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Your Back to School IEP Guide

Having a school aged-child is hard enough these days with the pressures of achieving high test scores, participating in competitive sports, and the influences of social media. Having a child who has an Individualized Education Plan (IEP) can make the task of supporting your child even more challenging. Often, the IEP and the language used within the document can be confusing – almost like another language. This article is to help break down some of the key areas to focus on when reviewing your child’s document to make it easier to understand.

When reviewing your child’s IEP document, what are the key areas that you should be looking for?

  • Title Page:look for your child’s program placement. It will indicate the level of services that your child will be receiving. It is important to check this to ensure that the program placement matches the program that was recommended for your child at his or her last IEP meeting.
    • Also, review your child’s re-evaluation due date, which is typically on this page. This is the date that your child should be re-evaluated by. It occurs every three years.
    • The title page often has the contact information for your child’s case manager. Do not hesitate to contact your case manager to ask them questions that may arise.
  • Present Levels:This area includes Information from current or previous teachers regarding your child’s academic performance. This area should indicate the grade level that your child is working on, along with strengths and weaknesses. A new teacher should be able to read this section and know where to start working with your child.
    • The most recent evaluation results should follow this section. It allows those viewing the document to view the evaluation summaries for better awareness of strengths and weaknesses. These areas also help to create the goals that your child should be working on.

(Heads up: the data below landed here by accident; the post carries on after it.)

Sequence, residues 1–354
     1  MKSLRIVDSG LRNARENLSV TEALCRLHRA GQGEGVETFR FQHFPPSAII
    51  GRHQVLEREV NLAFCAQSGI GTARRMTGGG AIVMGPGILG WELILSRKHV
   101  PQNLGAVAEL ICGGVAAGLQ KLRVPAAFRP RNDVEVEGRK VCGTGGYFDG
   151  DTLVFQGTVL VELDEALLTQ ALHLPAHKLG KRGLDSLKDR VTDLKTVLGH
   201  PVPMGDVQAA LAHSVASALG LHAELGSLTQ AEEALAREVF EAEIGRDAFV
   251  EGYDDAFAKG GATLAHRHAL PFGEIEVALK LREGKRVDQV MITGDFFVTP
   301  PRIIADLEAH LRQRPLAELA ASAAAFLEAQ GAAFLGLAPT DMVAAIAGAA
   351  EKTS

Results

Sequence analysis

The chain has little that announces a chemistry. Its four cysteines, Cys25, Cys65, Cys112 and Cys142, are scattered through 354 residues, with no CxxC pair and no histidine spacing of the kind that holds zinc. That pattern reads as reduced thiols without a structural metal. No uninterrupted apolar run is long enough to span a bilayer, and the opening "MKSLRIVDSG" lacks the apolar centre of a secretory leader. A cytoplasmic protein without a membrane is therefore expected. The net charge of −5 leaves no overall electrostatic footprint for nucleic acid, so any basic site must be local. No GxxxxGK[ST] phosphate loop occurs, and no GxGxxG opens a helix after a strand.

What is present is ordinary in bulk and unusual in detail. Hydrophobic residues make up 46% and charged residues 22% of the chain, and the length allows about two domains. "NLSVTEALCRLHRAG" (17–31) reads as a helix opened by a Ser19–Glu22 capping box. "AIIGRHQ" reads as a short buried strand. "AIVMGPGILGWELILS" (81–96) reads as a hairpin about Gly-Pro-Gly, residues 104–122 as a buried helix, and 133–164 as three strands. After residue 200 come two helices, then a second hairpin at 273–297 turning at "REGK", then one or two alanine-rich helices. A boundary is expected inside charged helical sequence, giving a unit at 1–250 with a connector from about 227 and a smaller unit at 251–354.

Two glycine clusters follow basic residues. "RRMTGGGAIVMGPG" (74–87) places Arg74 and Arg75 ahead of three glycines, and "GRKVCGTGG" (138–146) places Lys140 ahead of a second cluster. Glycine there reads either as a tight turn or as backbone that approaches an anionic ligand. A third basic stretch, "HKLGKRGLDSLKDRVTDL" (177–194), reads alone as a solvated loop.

• Goals and Objectives:Goals and Objectives will be listed for the areas that your child receives special education services. G&O should be grade level and are used to monitor your child’s progress. You should receive updates regarding your child’s progress. If progress is not being made, you should contact the case manager for a meeting to ensure that your child is receiving the appropriate supports.
  • Modifications:Modifications include the supports that your child is receiving to be successful. It is important to monitor your child’s progress and ensure that the modifications that are in the IEP are being implemented. By law, these modifications must be implemented to support your child.
  • Testing Modifications: Modifications for district assessments and state assessments are also provided within your child’s IEP. Again, review these modifications to ensure that your child is receiving the support deemed appropriate, and that the modifications provided are being followed.
  • Statement of Special Education and Related Services: This page further indicates your child’s placement. It will indicate the areas that special education services are provided in, and in what type of setting. This is also where your child’s related services (if deemed eligible) will be listed. This can include therapies such as occupational therapy, speech therapy, etc.

It is important to know your rights as a parent and as an advocate for your child. If you have additional questions or concerns regarding your child’s IEP, or the supports that your child is receiving, join our Behaved Brain staff at our upcoming IEP awareness round table. For date and time information, please call 201-857-5380. Bring your child’s IEP and feel comfortable asking questions!

Helpful likes regarding special education services:

Parental Rights in Special Education

Special Education Code

If you’d like to schedule an individualized session with one of our Behaved Brain therapists, please call 201-857-5380 to arrange for an in-office or virtual meeting.